AKBuilder exploit kit generating malicious word documents
A report from SophosLabs has tracked another exploit kit utilising Office exploits in order to deliver malicious code – AKBuilder. The AKBuilder creates malicious word documents that can be used to package malware, which is then sent out to multiple victims in large distribution campaigns. The exploit kit is sold for $550 and is often seen advertised on underground forums and YouTube videos. AKBuilder uses known vulnerabilities, making it possible to prevent attacks by keeping on top of software updates. More information.

MacDownloader targeting US defence industry
Security researchers have discovered a MacOS malware agent called MacDownloader that appears to be targeting the US defence industrial base by posing as both an Adobe Flash installer and the Bitdefender Adware Removal Tool. The malware was initially discovered on a fake webpage claiming to be that of the aerospace firm United Technologies Corporation. The page contained links to programs and courses citing the names of employees and interns at a number of known defence and aerospace companies. The malware’s main purpose seems to be the collection of credentials from the MacOS keychain. The responsible threat actor is not known, but there are features of MacDownloader that suggest a connection to the Iranian threat group Charming Kitten. Original Report.

 

General News

Turkish hacker group claims responsibility for DDoS attack on Austrian parliament
According to a spokeswoman for the Austrian parliament, the Turkish hacker collective Aslan Neferler Tim (ANT) has claimed responsibility for a DDoS attack which brought down the parliament’s website for 20 minutes this weekend.  ANT has previously carried out operations against the Austrian central bank and an Austrian airport. Authorities are now investigating the attack. More information.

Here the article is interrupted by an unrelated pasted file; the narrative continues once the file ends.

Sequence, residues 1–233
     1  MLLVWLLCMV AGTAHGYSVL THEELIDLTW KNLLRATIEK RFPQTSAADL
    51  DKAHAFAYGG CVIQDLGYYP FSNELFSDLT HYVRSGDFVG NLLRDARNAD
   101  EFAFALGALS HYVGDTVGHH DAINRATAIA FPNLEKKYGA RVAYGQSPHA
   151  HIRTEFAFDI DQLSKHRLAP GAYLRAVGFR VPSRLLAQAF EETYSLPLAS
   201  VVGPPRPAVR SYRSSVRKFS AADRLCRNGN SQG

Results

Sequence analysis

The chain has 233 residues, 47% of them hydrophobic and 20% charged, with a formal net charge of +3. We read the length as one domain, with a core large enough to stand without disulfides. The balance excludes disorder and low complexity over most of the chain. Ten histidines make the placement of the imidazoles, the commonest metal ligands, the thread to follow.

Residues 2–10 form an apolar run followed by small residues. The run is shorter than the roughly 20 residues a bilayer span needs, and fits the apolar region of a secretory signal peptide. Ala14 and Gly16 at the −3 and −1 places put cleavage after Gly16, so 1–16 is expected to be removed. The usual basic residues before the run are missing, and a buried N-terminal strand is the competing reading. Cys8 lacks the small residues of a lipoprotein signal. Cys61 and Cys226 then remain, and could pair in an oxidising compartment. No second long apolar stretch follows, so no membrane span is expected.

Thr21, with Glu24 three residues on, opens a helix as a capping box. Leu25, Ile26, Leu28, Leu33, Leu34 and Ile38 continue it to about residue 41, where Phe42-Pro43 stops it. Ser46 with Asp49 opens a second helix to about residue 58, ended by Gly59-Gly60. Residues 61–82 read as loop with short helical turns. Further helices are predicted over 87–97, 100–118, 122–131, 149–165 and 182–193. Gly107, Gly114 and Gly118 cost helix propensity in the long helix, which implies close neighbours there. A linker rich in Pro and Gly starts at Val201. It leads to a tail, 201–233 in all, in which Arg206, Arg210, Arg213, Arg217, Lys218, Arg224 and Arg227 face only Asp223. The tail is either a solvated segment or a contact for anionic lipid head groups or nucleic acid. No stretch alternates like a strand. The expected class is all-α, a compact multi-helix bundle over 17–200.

Dendroid RAT author avoids jail
Ex-FireEye intern Morgan Culbertson avoided a jail sentence on Monday for his role in the development and sale of the Dendroid RAT. Dendroid was rented to various hackers for $300 a month (or $65,000 for source code) via the Darkode forum while Culbertson, 22, worked on Android security at FireEye. Arrested in 2015, he has been sentenced to three years’ probation, computer monitoring and 300 hours of community service. More information.

 

The Silobreaker Team


Disclaimer: Although Silobreaker has relied on what it regards as reliable sources while compiling the content herein, Silobreaker cannot guarantee the accuracy, completeness, integrity or quality of such content and no responsibility is accepted by Silobreaker in respect of such content. Readers must determine for themselves what reliance they should place on the compiled content herein.